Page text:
Are you in the habit of using JARGON?
Check out your last presentation and see how much of it was full of jargon words.
Ask yourself why you do that and then take your right hand, lift it up, move it close to your face, and SLAP YOURSELF!
Why do you feel the need to use complex language to deliver your message? Is it because you want to sound intelligent and not like a dumdum? Is it because your industry has buzzwords that people frequent so you feel as though you should do the same??
Well guess what…THIS ISN’T ABOUT YOU!!
Get out of your damn head about what you need to be doing to sound intelligent and stop fitting into the mold of everyone else in your industry and focus on connecting with us instead!!
Instead of using jargon, opt for plain English instead. You will come across as an emotionally-connected-intelligent-human-being when you speak in simple language. The brain can only handle so much yaaada yaada yaada before it loses interest. If you’re using too many “buzz words,” in a row or too frequently, we get bored, real quick.
Think about it. How do you feel when you hear buzz words like “technological cloud solution with lasting integrative dynamic implantation?” Oooooh doesn’t that just get you emotionally charged and ready to buy the crap out of that product? NO!!! Just tell me it’s a place to store my all shit on my computer.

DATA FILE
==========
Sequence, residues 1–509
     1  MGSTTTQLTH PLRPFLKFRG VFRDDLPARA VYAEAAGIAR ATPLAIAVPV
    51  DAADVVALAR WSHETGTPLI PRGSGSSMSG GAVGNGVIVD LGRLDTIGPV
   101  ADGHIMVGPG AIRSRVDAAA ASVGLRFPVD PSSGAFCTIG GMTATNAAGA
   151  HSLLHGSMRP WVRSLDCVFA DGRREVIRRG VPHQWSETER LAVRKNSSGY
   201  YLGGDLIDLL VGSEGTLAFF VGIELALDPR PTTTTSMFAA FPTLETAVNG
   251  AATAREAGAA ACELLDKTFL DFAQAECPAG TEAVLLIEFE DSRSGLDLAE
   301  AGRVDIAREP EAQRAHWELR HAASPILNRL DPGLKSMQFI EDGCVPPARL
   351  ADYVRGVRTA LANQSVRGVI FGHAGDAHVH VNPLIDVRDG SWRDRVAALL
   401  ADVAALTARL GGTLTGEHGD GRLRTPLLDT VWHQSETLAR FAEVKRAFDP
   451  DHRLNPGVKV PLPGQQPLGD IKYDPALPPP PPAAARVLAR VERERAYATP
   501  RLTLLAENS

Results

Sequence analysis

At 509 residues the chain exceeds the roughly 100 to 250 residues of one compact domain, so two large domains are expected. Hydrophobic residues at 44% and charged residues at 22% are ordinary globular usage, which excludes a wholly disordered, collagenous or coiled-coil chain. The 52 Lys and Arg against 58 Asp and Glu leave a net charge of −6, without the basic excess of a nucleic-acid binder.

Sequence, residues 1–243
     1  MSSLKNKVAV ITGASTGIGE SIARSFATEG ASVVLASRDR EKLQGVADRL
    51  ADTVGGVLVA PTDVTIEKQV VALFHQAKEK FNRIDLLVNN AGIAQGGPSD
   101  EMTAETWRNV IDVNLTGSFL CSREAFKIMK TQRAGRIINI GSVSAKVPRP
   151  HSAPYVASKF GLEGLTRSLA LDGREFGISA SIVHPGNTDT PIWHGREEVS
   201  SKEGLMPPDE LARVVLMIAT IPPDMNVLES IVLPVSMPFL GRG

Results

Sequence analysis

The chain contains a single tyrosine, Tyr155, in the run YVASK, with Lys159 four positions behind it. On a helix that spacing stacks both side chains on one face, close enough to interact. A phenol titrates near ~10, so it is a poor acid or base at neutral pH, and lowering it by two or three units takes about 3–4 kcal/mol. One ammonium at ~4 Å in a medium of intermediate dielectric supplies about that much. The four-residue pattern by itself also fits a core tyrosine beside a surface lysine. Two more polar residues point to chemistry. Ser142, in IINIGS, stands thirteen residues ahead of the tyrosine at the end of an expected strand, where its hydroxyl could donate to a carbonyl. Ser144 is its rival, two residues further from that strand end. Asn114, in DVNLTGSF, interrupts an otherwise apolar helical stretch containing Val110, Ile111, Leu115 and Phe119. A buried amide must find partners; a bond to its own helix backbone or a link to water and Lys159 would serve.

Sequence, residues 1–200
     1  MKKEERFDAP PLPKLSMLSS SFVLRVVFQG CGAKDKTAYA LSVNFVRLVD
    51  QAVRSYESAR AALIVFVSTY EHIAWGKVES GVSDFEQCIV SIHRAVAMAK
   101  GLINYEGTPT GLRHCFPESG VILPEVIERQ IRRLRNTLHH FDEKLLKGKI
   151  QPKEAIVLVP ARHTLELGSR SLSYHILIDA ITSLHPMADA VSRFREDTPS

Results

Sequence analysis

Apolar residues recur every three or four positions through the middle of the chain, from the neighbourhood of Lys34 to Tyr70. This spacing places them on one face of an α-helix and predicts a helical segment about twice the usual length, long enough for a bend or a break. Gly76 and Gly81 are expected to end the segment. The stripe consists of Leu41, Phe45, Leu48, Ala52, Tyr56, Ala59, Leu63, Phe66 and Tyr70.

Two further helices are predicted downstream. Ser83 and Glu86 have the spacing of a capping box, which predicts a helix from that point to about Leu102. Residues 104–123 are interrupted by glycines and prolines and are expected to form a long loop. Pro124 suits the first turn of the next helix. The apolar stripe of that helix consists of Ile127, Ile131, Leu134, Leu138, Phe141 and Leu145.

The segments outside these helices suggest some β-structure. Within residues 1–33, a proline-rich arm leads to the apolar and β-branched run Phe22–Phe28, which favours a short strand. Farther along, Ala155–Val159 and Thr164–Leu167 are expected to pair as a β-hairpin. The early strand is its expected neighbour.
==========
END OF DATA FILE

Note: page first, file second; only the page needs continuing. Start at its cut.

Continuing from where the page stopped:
From what I’ve heard, lawyers, doctors, finance dudes and ladies, and accountants are the MVP’s of using jargon and boring the shit o*t of their audiences. STOPPIT.
I know I’m probably being harsh but think about the panels or speakers you’ve listened to that really moved you when they spoke. Or dynamic leaders or actors when they’re accepting an award speech. It’s emotionally charged and it moves the room because we can connect with what they’re saying.
We can’t connect when you’re using jargon. Jargon words are the emotional equivalent of digesting empty calories. Choose to use simple language and emotionally charged words and you’ll sound like a genius. I promise.
Here is a link to the article I mentioned:
Also the link to the Ted talk I mentioned:
Finally – an interesting article about recall memory and why it’s important to speak in terms that we can visualize: